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N.S.F. Budget: Science-Education Trim Backed

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Washington--The House of Representatives has approved a fiscal 1986 authorization for the National Science Foundation that some science educators say amounts to a $60-million cut in funds for science education over two years.

The bill, HR1210, freezes the nsf budget at this year's spending level of $1.5 billion and limits new funds for science education to $50.5 million.

The House Science and Technology Committee had recommended $1.6 billion in spending for fiscal 1986; President Reagan and the nsf had proposed $1.57 billion. The full House, however, decided on a lower spending level by a vote of 407 to 4.

Anticipate Carry-Over

In a debate on the House floor, representatives indicated that they expect $31.5 million in science-education funds to be carried over from fiscal 1985 to fiscal 1986, as the Administration and the nsf had requested.

That would bring the total spending for science education next year to $82 million and would reduce this year's spending from $113 million to $82 million. If the funds are not carried over, only the new money--$50.5 million--would be available next year.

The bill is a setback for some science educators, who had hoped that the Congress would approve $82-million in new money and not allow the carry-over of funds for the second year in a row. Bill G. Aldridge, executive director of the National Science Teachers Association, has said that the loss of $31.5 million in spending this year, combined with a decrease in new funds next year, would amount to a total cut of some $60 million for science education over two years.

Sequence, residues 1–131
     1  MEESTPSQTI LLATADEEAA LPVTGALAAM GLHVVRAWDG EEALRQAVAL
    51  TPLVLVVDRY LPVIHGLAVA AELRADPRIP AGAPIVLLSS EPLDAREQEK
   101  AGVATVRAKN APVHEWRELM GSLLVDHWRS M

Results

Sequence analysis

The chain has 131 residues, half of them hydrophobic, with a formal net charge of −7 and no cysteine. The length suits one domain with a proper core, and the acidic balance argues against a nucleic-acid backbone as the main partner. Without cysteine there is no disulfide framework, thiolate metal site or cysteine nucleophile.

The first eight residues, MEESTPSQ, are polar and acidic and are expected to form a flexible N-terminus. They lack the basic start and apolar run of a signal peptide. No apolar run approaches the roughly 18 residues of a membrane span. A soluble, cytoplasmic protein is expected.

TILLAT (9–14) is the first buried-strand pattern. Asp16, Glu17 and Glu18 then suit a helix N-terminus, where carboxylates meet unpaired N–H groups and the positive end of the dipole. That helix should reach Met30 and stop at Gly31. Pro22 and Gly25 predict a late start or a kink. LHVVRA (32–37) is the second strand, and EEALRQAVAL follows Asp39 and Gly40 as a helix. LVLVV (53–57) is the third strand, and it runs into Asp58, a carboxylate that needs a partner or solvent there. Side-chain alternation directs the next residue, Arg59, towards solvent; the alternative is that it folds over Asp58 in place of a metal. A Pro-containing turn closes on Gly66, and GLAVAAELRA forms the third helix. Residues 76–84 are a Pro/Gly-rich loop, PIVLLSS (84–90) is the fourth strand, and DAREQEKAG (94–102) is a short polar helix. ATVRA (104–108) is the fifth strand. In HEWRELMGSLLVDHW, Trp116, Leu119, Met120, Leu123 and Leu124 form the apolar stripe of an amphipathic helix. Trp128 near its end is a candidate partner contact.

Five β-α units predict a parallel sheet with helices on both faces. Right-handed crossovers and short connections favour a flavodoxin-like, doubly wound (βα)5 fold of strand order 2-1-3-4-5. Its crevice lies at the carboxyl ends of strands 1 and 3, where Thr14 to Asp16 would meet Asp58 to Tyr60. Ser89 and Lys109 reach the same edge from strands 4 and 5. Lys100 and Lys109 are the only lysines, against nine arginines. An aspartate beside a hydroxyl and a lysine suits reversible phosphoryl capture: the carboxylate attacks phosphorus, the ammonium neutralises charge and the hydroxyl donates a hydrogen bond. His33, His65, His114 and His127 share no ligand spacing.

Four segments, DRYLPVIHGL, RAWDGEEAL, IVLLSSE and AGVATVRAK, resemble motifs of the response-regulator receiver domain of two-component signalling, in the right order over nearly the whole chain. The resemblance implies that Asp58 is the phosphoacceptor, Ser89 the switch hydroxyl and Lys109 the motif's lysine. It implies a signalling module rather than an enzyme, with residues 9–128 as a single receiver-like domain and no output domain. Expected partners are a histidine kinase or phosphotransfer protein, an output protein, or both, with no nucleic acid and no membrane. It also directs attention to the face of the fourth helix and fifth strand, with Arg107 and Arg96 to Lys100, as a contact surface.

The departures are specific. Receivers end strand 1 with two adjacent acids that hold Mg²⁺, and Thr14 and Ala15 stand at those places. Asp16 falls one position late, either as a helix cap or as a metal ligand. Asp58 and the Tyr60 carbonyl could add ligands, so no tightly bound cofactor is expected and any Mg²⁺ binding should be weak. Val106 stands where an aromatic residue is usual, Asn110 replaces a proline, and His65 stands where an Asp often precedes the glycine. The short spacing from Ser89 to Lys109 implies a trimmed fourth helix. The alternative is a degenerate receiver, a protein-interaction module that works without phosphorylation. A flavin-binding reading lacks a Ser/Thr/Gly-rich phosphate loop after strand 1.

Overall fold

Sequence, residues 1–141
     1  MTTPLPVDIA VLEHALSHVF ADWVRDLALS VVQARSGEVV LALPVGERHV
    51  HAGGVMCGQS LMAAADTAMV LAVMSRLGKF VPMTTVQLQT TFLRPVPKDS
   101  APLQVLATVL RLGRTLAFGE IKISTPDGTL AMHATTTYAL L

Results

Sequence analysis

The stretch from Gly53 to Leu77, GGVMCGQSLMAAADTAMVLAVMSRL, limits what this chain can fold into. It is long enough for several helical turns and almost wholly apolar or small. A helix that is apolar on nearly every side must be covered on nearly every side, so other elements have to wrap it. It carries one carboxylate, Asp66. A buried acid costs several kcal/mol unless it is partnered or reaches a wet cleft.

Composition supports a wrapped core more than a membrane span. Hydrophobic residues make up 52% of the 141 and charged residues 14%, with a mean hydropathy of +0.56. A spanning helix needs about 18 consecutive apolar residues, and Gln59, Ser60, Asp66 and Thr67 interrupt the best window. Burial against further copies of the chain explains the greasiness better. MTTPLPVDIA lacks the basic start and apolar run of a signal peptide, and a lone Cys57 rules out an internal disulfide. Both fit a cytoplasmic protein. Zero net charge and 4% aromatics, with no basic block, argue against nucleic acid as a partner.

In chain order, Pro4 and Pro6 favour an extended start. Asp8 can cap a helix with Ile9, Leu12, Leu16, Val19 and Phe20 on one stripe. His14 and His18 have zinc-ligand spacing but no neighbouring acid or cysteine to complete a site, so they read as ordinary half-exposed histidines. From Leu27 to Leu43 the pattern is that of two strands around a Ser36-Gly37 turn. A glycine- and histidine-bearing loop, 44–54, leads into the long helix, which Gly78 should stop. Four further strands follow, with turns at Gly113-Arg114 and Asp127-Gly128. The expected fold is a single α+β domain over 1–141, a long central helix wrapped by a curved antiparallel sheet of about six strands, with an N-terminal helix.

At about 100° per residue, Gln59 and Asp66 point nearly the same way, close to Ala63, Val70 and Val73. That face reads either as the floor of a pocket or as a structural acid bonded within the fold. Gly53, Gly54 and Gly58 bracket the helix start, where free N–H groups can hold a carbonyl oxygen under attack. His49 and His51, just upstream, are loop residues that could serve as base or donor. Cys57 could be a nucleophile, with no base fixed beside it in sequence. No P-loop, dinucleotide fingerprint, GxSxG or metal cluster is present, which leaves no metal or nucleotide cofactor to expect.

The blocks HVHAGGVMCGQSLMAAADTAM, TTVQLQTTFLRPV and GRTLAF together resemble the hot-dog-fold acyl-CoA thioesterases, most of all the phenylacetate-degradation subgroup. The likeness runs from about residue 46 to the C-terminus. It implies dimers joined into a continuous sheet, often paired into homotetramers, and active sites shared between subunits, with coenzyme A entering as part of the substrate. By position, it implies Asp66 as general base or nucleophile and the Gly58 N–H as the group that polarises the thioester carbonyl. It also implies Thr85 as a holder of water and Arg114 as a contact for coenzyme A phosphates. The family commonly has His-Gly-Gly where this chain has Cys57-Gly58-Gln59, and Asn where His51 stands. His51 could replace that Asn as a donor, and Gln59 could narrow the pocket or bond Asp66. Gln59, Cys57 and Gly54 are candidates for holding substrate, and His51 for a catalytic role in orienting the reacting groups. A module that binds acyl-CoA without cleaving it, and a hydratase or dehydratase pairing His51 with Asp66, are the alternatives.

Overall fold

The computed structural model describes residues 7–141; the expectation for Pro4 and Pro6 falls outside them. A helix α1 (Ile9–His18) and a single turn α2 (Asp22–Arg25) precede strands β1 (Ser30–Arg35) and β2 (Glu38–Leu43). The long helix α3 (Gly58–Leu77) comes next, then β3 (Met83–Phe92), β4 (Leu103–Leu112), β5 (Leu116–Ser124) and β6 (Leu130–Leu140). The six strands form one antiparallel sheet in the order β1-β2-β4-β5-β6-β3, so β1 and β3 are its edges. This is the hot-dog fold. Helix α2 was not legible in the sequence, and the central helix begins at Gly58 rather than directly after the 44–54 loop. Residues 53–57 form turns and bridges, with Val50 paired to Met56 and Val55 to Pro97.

Reasons for Carry-Over

In interviews with the press and in testimony before the Congress, nsf officials had given several reasons for deferring the $31.5-million expenditure, including concerns that without it, the rising federal deficit could lead to wide fluctuations in funding for science education over the next few years.

Agency officials also have said that they have not received enough proposals of high quality to fund this year.

That claim, however, has been questioned by science educators. Mr. Aldridge, for example, said the nsf has received some 900 science-education proposals requesting more than $400 million in funding and could easily find ways to spend the $31.5 million.

Senate Action

The Senate also is expected to limit new spending for science education to $50.5 million in fiscal 1986.

The Senate Committee on Commerce, Science, and Transportation has referred a bill to the full Senate that would authorize $1.57 billion for the nsf for fiscal 1986; limit new funds for science education to $50.5 million; and include the $31.5 million in carried-over funds.

The bill is not expected to reach the Senate floor until the Committee on Labor and Human Resources, which has jurisdiction over the nsf authorization, submits its own version.

That panel was scheduled to hold a hearing on the nsf budget this week. A staff member for the com-mittee predicted that the committee would limit new funds for science education to $50.5 million.

"I think everybody would like to spend more, but we just haven't got it to spend," she said.

The Congress has yet to pass a fiscal 1986 appropriations bill for the nsf--lo

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